The impact of COVID-19 on the Asian Natural Gas market

The impact of COVID-19 on the Asian Natural Gas market  

Tze San Koh 
President, China Gas Marketing 
IP week 2021

During IP week 2021, Tze San Koh was joined by industry experts to discuss the impact of COVD-19 on the Asian Natural gas market. Below is a summary of her remarks. 

 

The impact of COVID-19 on the Asian Natural Gas market 

China is the largest energy consumer in the world, displaying a massive energy demand that is projected to grow as the Chinese government focuses on bringing more of its citizens out of poverty and more towards the middle class. 

China is one of the few countries that had positive GDP growth in 2020 at 2.3%1. Despite the pandemic and economic slowdown, China’s Natural Gas demand for the year increased due to its environmental competitiveness vs. coal2. China’s LNG imports in 2020 increased by more than 10% to 67MTA vs 2019. LNG growth is higher than overall average Natural Gas growth - thanks to LNG’s cost competitiveness over other Natural Gas sources (e.g., domestic gas, imported pipeline gas) especially in coastal regions. 

China’s share of Natural Gas in its primary energy mix is only 8.3%, much lower than the global average of 24.8%, signifying growth potential.  Recently, the World Bank projected China’s 2021 GDP growth to reach 7.9%.

All signs indicate China’s Natural Gas and LNG market has recovered from COVID-19 and will continue to grow in the future.

 

The short-term carbon neutral vision for the Asian Natural Gas markets 

In 2020, Chinese President Xi announced during the UN General Assembly that China aims to have CO2 emissions peak before 2030 and to achieve carbon neutrality before 2060. 

Coal accounted for about 58% of China’s total energy consumption and 66% of its electricity generation.3 

Natural Gas can provide improved air quality and reduced greenhouse gases when compared to coal in a range of applications. 

The use of natural gas in power generation plays an important role in reducing global emissions. When considering life cycle emissions, natural gas emits up to 60 percent lower greenhouse gases and produces significantly fewer air pollutants than coal for power generation. Natural gas also provides a reliable source of power to supplement renewable energy when wind or solar power is not available. 

LNG is anticipated to remain cost competitive due to abundant natural gas resources and an increase in aspiring exporters.  As a result, cost competitive LNG supply relative to other gas sources should have an advantage in the marketplace. 

The steady progress of Natural Gas market reform in China has led to the continuous and rapid development of the Natural Gas market in the past decade.  Significant progress has been made in the relaxation of price regulation, the establishment of Natural Gas trading centers, the promotion of third-party access to Natural Gas infrastructure, and the establishment of PipeChina at the end of 2020.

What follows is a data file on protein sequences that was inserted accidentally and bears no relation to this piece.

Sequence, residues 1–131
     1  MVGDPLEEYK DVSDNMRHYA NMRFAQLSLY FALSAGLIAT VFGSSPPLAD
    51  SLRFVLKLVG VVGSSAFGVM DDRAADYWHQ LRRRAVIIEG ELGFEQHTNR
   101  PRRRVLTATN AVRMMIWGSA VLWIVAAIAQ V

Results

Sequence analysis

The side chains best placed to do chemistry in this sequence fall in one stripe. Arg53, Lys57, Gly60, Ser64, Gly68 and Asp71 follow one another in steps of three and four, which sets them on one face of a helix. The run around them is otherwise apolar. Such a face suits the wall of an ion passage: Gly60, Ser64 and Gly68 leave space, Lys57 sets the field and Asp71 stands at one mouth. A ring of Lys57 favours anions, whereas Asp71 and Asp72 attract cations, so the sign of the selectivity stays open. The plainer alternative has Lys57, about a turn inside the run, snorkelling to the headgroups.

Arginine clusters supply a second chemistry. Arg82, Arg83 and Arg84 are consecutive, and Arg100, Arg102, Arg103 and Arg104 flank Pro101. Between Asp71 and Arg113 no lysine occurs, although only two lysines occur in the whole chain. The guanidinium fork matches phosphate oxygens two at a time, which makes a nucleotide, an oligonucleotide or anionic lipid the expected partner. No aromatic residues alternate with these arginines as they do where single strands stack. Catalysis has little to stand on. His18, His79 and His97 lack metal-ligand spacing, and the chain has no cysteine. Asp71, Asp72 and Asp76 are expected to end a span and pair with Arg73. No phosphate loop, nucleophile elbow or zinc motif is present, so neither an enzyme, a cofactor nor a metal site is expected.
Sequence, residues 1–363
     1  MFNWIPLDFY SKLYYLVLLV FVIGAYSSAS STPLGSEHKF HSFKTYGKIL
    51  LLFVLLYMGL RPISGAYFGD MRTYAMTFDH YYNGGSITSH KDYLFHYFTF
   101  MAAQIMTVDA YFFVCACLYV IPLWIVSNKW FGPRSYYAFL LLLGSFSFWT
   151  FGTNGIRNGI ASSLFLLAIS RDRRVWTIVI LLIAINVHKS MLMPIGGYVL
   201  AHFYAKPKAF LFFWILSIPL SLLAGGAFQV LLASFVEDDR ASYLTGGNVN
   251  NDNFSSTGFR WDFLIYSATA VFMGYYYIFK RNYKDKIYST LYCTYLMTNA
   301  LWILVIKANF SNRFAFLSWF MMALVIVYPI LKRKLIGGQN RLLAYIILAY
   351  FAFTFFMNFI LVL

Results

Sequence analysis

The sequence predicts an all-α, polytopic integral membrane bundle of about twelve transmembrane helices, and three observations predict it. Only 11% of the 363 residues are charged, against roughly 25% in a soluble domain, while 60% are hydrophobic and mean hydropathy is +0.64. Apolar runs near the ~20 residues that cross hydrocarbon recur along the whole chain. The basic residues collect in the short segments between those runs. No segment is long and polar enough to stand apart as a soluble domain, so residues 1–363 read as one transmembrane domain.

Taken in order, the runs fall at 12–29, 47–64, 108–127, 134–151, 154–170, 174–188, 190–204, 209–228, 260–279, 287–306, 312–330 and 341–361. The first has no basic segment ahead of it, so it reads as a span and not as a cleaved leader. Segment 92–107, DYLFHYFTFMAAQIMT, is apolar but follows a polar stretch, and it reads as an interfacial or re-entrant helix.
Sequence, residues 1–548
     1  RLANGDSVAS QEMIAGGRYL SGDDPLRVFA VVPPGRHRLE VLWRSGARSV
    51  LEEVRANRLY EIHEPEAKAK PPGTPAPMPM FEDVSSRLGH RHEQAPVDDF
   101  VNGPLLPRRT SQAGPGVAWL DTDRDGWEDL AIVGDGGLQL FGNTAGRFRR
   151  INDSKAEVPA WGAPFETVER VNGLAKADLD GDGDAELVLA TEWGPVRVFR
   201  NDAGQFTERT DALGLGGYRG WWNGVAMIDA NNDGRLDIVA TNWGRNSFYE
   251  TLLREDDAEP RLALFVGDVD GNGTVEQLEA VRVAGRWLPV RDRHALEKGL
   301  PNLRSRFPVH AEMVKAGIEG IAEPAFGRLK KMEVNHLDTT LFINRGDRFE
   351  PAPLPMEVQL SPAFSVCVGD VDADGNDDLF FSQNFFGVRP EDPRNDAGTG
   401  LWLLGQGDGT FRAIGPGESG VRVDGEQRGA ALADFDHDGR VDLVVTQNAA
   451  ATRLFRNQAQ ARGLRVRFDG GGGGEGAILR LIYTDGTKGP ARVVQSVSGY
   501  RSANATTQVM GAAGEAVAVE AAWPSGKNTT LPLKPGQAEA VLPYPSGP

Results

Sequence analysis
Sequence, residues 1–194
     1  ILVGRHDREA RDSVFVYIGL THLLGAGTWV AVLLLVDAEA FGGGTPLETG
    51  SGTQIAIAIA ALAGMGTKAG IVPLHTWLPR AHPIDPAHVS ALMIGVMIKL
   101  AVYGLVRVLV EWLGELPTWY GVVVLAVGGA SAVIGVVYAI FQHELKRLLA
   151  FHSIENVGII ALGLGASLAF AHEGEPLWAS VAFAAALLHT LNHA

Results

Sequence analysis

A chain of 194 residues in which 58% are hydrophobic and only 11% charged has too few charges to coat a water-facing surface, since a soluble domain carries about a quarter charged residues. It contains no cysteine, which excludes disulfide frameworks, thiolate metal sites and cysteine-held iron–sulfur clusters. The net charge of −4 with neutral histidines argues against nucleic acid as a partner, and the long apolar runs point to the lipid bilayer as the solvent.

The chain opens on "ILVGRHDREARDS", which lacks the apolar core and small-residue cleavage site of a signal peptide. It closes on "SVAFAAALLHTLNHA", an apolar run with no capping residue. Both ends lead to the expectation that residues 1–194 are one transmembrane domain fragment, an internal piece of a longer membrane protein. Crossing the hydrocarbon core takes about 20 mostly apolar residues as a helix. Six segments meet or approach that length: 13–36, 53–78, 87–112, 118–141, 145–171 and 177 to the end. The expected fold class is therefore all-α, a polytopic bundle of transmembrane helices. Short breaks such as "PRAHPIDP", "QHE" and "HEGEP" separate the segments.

This combination of demand growth, supply abundance and greater accessibility means that natural gas is making an important contribution to enhancing energy security which is an important consideration in China’s energy mix in the next decade. 

 

The Carbon Neutral Vision for the Asian Natural Gas markets beyond 2035

China natural gas demand in the next decade is expected to grow. In the near term, during the 14th five-year plan, switching to Natural Gas from coal or oil products would immediately reduce emissions. In the medium-term, through the continued development and deployment of low-cost and highly efficient Natural Gas technologies, natural gas also provides a reliable source of power to supplement renewable energy when wind or solar power is not available.

Progressively over the longer term, low-carbon technologies–including carbon capture, utilization, and storage (CCUS) can provide an efficient and cost-effective pathway to reduce GHG emissions. These technologies are particularly relevant for sectors where emissions are difficult or very costly to abate through other means. They can also capitalize on the use of existing natural gas infrastructure to minimize capital investment.

Aligned with such, ExxonMobil has created a new business to commercialize its extensive low-carbon technology portfolio. The new business, ExxonMobil Low Carbon Solutions, will initially focus on carbon capture and storage, one of the critical technologies that can help society to achieve the climate goals outlined in the Paris Agreement. 

ExxonMobil has more than 30 years of experience in CCS technology and was the first company to capture more than 120 million tonnes of CO2, which is equivalent to the emissions of more than 25 million cars for one year. ExxonMobil has an equity share in about one-fifth of global CO2 capture capacity and has captured approximately 40 percent of all the captured anthropogenic CO2 in the world. 

With our demonstrated leadership in carbon capture and emissions reduction technologies, ExxonMobil is committed to meeting the demand for affordable energy while reducing emissions and managing the risk of climate change.

To learn more about ExxonMobil’s low carbon solutions please visit Newsroom/News-releases/2021/0201_ExxonMobil-Low-Carbon-Solutions-to-commercialize-emission-reduction-technology 

 

Reference

  1. China Statistics Bureau
  2. Up to 60% lower carbon emissions than coal in the power sector. – From Gas IMT knowledge center
  3. IHSMarkit “Energy Data Set – Sep. 2020”, the quoted data refers to China 2019 number. 
  4. IGU Report:  Gas Technology and Innovation for a Sustainable Future (https://www.igu.org/resources/gas-technology-and-innovation-for-a-sustainable-future/)

 

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Tze San

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